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Wednesday, April 15, 2009

Wall of sound ... and jury signifying something

Post mortem thoughts on Phil Spector re-trial.

Comments by the D.A.’s and defense attorneys are revealing about the system. The DA’s complimented the second jury (that convicted) over the first (that hung 10 to 2 for guilt). In the first trial, the foreman, an engineer who took detailed notes during the trial, stubbornly held out for NG and convinced one other to vote his way. In the DA’s view, he "got hung up on details and missed the larger picture." For the re-trial, the DA wanted "common sense to be just dripping off the panel, as opposed to over-analysis." During the second trial the DA was relieved that the jurors seemed to be bonding, sharing food and making friendships with each other. The bonding led jurors to focus on "the forest and not the trees." As the defense attorney feared, this made it harder for individual jurors to reject the majority.

Whatever the objective merits of the evidence supporting Spector’s guilt, I find these comments troubling.

First, the reason we demand unanimity and of 12 individuals on juries is to avoid a group mentality that pressures the loner to cave in to a majority. Where is Henry Fonda when he is needed?

Second, more innocent people are convicted because jurors ignore "details" in favor of "the big picture" than for any other reason. See the HBO broadcast documentary, "Witch Hunt", for a terrifying example of jurors who get swept up in the tide of community outrage about the big picture.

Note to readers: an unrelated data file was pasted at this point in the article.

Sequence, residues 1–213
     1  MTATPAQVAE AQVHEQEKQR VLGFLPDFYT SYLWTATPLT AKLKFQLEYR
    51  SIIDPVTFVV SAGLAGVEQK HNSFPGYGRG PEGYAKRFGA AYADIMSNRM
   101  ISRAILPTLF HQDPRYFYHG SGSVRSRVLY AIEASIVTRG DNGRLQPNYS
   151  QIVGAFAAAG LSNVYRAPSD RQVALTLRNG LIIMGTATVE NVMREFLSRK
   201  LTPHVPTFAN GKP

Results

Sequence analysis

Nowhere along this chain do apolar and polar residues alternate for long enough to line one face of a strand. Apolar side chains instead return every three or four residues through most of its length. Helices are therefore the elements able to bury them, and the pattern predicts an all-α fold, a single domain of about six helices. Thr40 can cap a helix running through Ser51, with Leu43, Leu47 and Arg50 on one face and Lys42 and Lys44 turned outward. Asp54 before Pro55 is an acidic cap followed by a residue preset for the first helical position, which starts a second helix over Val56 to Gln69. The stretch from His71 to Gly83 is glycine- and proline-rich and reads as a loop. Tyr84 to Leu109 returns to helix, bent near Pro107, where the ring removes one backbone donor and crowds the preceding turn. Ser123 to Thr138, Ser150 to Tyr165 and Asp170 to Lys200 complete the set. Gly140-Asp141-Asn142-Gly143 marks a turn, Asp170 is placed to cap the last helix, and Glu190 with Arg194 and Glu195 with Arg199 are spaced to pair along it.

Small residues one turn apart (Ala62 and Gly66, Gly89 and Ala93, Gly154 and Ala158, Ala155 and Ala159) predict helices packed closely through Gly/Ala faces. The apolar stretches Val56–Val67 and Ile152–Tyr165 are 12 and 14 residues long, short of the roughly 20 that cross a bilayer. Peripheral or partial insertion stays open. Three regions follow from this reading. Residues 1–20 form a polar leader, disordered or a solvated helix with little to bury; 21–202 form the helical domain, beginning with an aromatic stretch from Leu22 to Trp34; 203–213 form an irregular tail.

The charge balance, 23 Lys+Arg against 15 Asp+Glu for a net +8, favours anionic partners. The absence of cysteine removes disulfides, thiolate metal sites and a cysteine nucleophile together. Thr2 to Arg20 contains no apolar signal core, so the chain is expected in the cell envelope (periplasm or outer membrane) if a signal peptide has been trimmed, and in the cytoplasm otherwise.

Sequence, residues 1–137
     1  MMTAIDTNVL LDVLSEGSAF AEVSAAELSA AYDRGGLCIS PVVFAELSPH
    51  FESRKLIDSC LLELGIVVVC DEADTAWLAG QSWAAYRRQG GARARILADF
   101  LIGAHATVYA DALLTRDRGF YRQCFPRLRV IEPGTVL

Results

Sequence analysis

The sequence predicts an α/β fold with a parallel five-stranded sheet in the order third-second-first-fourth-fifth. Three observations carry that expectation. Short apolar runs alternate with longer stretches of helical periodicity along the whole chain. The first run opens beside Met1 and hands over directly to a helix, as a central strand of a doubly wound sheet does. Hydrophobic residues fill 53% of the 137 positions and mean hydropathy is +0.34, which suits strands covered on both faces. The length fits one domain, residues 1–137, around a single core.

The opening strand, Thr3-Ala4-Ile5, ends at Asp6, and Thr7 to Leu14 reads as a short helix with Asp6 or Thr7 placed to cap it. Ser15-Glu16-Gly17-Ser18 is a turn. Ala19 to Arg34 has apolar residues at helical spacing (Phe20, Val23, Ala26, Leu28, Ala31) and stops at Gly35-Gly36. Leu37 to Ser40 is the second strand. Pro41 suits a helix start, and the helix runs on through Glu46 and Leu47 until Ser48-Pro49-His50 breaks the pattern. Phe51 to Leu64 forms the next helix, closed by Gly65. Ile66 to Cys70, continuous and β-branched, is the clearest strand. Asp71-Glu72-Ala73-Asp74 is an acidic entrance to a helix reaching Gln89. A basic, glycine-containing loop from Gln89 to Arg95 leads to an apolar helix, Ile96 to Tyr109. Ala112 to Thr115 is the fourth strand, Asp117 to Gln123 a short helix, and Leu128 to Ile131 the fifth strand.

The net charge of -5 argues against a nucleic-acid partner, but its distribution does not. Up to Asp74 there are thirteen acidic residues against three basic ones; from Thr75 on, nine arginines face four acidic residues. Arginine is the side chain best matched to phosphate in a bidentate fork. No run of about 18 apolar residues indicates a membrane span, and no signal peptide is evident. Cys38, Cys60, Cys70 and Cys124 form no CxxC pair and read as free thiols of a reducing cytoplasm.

That incident also illustrates the third reason the post mortem comments are worrisome to me. The DA wanted and got a jury that used common sense rather than over analysis. Reliance on common sense is dangerous when it comes to drawing conclusions in criminal cases. Reasonable doubt can only exist after examining the evidence and the absence of evidence (i.e., analysis of details). Common sense often leads to the wrong answer. Common sense says victims are reliable eyewitnesses, children wouldn’t lie about sex with their parents, police are unbiased.

Whatever I may think of Phil Spector's guilt or his strangeness, it is clear that the D.A., desperate to finally win a celebrity trial and end the ridicule heaped upon them for their past ineptitude, cared little for annoying little details - like contrary evidence.


  1. Contrary evidence?
    Yeah, right.
    Decades of Spector's acquaintances having guns pointed at them, pulled on them and shot into the ceiling (ala John Lennon & Mal Evans) when Phil didn't get his way in a situation with them..
    Ummm, Lana with her purse on her shoulder in the foyer obviously ready to go, probably realizing that she made a mistake coming to this quack's house. She tried to leave.
    Something he hated women to do.
    Plain and simple as that coupled with his past reactions.
    What again did you say about contrary evidence?
    It's called logic and common sense.

  2. Thanks for your comment, Anonymous. Your conclusion may well be right - Spector is probably guilty as sin. My problem isn't with the result, but the process. Your problem is that you think common sense always equals "logic". I have found that is often not true.

  3. Thanks for your comment, too, Mort. And you're right, my problem is that common sense should equal logic. But look how many of us lack common sense! In a perfect world, logic and common sense would be parallelling partners.
    But, in the Spector case, let us add one more thing to the logic and common sense equation... that would be statistics...
    The statistic mattering here would be the occasions Spector pulled guns on women wanting to "blow their brains out"
    I've never pulled a gun on someone.
    I'm sure you have never.
    One day, the trigger had to get pulled and that day came right about the same time he got older, less popular, probably more mentally ill and less tolerant and truly alone. He was a bomb waiting to go off.

  4. The law considers past similar crimes by the accused as relevant, but is careful because too many wrong convictions have come from assuming guilt based on past actions. I am not saying it wasn't relevant here.